Mosquito Ecology Research Facility commissioned in Accra

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Mosquitoes
Mosquitoes

A Mosquito Ecology Research Facility has been commissioned at the University of Ghana (UG) to aid research into the biology of mosquitoes and their role on the environment.

The facility will help understand the nature of mosquitoes and develop effective interventions to reduce mosquito population and transmission.

It aims to develop new interventions to supplement existing approaches to reduce malaria morbidities and mortalities in the country.

It was established by Target Malaria, a not-for-profit research consortium in partnership with the UG and funded by the Bill and Melinda Gates Foundation and Open Philanthropy.

Dr Fred Aboagye-Antwi, In country and Principal Investigator for Target Malaria, said the infrastructure would enhance mosquito research in a manner consistent with internationally recognised practice.
“The laboratory space will be used to investigate optimal rearing conditions that enhance mall mosquito fitness,” he added.

He said the lab would use gene drive approaches to insert a modification in malaria mosquitoes to affect their ability to reproduce.

Dr Aboagye- Antwi said the insectary has an insecticide testing lab to test the effectiveness of various insecticides to measure that new insecticides were developed to fight resistant mosquitoes.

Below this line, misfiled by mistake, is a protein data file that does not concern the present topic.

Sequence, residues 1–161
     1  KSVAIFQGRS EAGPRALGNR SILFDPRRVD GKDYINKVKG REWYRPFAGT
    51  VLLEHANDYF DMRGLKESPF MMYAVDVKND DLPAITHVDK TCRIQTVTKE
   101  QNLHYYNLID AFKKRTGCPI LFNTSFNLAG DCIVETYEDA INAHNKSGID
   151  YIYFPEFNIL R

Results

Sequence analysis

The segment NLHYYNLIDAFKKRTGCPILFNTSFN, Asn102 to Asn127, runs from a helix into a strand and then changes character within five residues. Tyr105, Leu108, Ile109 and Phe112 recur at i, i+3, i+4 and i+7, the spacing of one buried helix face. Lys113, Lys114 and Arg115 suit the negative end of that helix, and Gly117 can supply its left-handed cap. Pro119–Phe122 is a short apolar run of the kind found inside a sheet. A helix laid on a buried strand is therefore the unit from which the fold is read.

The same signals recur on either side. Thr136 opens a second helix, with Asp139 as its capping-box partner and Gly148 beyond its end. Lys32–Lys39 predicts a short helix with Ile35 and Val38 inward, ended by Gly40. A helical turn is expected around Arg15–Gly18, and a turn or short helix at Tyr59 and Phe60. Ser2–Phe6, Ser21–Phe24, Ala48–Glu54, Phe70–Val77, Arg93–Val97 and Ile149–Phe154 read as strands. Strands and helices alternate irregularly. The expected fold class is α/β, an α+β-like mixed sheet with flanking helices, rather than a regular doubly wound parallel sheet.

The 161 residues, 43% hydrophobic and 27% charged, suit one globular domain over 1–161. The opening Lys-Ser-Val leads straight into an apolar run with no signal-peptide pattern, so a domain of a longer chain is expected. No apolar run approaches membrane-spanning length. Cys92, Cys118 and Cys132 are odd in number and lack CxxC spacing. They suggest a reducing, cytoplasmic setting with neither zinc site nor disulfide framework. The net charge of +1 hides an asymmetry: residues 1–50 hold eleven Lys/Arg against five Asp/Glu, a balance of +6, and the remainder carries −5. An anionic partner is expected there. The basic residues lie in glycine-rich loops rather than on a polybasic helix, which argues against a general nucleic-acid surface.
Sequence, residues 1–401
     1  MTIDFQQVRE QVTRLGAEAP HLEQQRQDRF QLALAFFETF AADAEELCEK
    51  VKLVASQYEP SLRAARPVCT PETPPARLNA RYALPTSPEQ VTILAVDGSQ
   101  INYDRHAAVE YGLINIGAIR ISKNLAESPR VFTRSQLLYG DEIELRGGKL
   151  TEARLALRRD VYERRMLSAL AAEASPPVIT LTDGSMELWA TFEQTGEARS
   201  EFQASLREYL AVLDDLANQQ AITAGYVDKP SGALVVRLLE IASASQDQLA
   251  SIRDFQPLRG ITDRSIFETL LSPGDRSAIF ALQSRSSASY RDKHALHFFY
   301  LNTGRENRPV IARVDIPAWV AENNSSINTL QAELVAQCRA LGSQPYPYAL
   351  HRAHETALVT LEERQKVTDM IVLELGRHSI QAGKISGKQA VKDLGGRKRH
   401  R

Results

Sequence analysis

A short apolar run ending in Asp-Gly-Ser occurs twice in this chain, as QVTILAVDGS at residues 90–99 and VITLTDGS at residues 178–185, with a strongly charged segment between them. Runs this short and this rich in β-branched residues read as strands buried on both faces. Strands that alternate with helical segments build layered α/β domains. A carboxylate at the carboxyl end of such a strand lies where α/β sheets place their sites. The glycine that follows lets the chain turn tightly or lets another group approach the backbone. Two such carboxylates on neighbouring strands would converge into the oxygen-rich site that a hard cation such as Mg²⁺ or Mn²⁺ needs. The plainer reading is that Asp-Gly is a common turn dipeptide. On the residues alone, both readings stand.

Dr Samuel Kwaku Dadzie, Senior research follow in Medical Epistemology at the Noguchi Memorial Institute for Medical Research, said Malaria continued to be a public health concern despite the huge investment made in its control.

He said the challenge of insecticide resistance and outdoor transmission threatened to erode success and that the lab would aid advanced research in Ghana and support the vision of having a malaria free Ghana.

The facility, he said, would improve malaria vector research in the University of Ghana and beyond.

Dr Keziah Malm, Programmes Manager for the National Malaria Elimination Programme, said malaria accounted for over 30 per cent of Outpatient Department (OPD) cases and was still the number one cause of OPD attendance.
“Last year, Ghana recorded about five million cases of malaria, which resulted in 400,000 hospital admissions, and 155 deaths,” she said.

Dr Malm said the research into mosquitoes would also help reduce incidence of other disease like elephantiasis.

Mosquitoes are common flying insects that live in most parts of the world. Over 3,500 types of mosquitoes can be found worldwide.

Not all mosquitoes bite people or animals. When mosquitoes bite people, the most common reactions to the bite are itching and swelling.

Some mosquitoes can be vectors that spreads pathogens germ to people and animals. The germs that mosquitoes spread can make you sick.

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